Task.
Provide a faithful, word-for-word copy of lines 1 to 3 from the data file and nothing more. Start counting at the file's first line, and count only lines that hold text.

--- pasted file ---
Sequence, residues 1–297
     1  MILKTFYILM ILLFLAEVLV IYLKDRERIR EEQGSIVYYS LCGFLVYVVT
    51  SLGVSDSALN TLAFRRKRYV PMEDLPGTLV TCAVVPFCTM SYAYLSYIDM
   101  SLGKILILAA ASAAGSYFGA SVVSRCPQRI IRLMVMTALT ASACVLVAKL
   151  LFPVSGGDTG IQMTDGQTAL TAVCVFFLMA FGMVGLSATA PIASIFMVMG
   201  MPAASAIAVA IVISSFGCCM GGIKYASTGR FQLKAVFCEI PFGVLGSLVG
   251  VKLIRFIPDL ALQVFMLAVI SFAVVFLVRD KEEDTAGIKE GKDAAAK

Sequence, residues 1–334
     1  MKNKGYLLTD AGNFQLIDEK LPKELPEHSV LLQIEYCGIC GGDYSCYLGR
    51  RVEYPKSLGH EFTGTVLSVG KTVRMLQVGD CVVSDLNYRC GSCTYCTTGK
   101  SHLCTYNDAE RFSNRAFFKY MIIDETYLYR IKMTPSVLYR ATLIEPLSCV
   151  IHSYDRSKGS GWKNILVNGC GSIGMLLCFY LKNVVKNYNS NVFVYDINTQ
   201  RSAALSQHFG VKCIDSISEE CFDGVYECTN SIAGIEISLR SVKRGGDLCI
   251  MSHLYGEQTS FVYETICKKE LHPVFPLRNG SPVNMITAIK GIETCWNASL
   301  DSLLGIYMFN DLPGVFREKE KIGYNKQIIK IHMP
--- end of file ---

Sequence, residues 1–297
     1  MILKTFYILM ILLFLAEVLV IYLKDRERIR EEQGSIVYYS LCGFLVYVVT
    51  SLGVSDSALN TLAFRRKRYV PMEDLPGTLV TCAVVPFCTM SYAYLSYIDM